• Live
    • Audio Only
  • google plus
  • facebook
  • twitter
  • Tens of thousands of public school teachers on strike take part in a protest at Plaza de Mayo in front of the Casa Rosada Presidential Palace.

    Tens of thousands of public school teachers on strike take part in a protest at Plaza de Mayo in front of the Casa Rosada Presidential Palace. | Photo: EFE

Published 22 March 2017

The unions are demanding a 35 percent salary increase to help keep up with inflation.

After a disparaging comment by President Mauricio Macri about the country's public education system, a strike and massive street protest by Argentine school teachers defended public schools while calling for higher wages.

RELATED:
Macri Compares Argentina Teachers Strike to Hiroshima

"The basic problem is the terrible inequality between those who can go to private school and those who have to fall into the public school system," Macri said Tuesday while discussing a government study showing relatively bad public school results.

Buenos Aires traffic was paralyzed by tens of thousands of teachers marching on the presidential palace, with protesters holding signs referring to the president's gaffe. "Macri: I didn't fall into public school, I chose it," one said. A storm of tweets lampooned him as well, with hashtags like #YoCai, "I Fell," in English and #CaerEnLaPublica, or "Fall Into Public Schools".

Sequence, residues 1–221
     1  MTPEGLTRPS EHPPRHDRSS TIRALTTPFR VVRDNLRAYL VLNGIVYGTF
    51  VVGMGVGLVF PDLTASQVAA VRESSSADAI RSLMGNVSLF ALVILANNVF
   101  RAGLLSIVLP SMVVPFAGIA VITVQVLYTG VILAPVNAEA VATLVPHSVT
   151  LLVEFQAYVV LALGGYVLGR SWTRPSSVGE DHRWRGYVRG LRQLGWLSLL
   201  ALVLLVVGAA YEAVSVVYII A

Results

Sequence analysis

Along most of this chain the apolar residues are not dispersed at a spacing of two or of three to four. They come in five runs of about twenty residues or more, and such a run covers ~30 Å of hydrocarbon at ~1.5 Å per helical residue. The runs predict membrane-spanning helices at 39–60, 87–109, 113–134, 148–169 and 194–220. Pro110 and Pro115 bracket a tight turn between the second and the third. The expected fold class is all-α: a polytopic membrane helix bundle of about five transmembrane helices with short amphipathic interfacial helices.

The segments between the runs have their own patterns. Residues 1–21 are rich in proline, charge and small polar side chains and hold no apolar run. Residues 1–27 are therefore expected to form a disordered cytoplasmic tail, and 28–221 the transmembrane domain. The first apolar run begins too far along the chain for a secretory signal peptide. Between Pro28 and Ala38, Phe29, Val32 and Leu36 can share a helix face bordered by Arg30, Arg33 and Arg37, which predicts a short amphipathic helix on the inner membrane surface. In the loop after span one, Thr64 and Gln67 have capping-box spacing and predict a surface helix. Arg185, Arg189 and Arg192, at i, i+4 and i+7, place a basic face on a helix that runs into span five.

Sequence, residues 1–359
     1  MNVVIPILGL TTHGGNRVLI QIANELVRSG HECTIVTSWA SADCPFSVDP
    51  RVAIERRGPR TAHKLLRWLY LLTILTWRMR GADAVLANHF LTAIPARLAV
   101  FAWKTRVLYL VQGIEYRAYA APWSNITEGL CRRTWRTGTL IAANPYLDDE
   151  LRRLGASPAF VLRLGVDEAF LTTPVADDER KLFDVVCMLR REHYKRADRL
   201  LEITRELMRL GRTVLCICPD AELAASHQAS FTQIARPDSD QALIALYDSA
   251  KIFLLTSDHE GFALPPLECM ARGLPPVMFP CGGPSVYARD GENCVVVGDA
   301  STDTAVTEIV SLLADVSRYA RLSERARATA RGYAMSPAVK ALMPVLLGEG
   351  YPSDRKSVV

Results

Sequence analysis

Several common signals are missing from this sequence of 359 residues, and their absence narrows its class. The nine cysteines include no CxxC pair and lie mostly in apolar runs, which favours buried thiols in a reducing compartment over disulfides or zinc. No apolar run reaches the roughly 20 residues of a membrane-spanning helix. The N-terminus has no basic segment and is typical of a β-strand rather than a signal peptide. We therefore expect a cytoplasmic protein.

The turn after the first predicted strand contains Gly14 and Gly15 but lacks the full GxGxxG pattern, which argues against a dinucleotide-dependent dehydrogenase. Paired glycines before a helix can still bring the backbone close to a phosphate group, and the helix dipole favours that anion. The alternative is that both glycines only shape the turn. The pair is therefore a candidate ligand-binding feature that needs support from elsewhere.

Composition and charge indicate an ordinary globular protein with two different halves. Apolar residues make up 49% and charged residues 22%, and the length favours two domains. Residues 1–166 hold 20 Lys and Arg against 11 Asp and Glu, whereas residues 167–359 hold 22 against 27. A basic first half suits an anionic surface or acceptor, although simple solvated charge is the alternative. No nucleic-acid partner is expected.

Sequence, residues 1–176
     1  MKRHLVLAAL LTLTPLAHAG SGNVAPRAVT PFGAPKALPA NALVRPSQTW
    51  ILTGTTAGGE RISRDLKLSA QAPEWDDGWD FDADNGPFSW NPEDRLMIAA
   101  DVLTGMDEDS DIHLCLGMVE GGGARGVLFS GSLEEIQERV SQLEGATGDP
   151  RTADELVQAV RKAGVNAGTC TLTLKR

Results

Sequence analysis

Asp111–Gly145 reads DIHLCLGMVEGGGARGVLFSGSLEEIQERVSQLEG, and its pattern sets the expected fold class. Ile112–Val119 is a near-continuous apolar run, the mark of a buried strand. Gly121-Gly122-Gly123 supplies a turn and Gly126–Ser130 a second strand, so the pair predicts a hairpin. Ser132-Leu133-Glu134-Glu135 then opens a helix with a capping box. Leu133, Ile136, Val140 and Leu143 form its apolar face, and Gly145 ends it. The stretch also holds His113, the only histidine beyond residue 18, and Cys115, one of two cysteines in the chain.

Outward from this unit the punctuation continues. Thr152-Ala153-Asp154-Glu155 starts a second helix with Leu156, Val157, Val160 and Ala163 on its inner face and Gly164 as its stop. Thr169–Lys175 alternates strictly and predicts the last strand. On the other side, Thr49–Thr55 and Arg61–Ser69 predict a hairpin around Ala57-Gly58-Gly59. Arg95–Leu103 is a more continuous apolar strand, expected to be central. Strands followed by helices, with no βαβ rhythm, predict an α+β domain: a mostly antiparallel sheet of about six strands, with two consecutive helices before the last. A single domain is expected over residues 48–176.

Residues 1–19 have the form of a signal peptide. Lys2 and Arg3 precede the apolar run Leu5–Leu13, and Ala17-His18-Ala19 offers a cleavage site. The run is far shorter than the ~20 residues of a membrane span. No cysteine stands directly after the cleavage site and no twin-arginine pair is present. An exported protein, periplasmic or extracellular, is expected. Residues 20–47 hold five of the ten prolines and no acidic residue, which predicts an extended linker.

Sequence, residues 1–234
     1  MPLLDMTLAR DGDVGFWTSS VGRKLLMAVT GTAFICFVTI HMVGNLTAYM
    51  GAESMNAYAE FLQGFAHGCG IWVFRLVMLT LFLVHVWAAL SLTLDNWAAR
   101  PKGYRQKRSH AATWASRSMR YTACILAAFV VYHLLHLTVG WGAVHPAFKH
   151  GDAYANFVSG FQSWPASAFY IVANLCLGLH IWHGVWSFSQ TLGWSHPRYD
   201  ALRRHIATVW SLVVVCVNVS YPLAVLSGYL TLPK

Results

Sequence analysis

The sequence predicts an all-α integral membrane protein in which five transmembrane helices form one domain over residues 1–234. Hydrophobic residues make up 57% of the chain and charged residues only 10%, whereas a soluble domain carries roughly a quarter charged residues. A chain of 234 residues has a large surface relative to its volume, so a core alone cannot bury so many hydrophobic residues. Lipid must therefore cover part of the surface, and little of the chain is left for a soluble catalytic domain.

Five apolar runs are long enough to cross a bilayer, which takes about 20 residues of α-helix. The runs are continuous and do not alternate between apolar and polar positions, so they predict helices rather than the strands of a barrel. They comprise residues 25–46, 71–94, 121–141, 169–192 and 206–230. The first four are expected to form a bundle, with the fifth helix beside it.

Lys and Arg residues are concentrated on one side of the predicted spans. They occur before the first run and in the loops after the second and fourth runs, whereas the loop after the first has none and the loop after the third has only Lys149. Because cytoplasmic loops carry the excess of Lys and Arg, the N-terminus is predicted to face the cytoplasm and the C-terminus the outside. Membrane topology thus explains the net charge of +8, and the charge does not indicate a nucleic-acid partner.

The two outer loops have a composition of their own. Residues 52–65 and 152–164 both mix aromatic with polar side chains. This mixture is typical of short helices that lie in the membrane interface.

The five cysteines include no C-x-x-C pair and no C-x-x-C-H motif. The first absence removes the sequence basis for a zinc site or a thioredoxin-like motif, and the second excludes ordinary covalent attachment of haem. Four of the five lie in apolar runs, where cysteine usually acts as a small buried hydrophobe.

The unions are demanding a 35 percent salary increase to help keep up with inflation which was 40 percent last year and is expected to be about 20 percent in 2017 and a guarantee that no education worker will make less than the poverty line.

The teachers were scheduled to go back to class Thursday, but they have warned of more strikes ahead if salary talks do not progress.

IN PICTURES:
Argentine Teachers Strike, Take to the Streets

The demand comes after the national government of Mauricio Macri legislated a ceiling of 20 percent salary increases despite an inflation rate of 40 percent — created by neoliberal economic policies — which have pushed 1.4 million people, including many education workers, into poverty.

The unions are also demanding a return to national level salary negotiations after a recent decision by the Macri administration to devolve teachers' salaries to the provinces.

A poll released Sunday showed that for the first time since he took office in December 2015, more Argentines disapprove of Macri's performance than approve, while the country's largest labor union has called a general strike for April 6. With October congressional elections ahead, the protests come at a delicate time for Macri.

Comment
0
Comments
Post with no comments.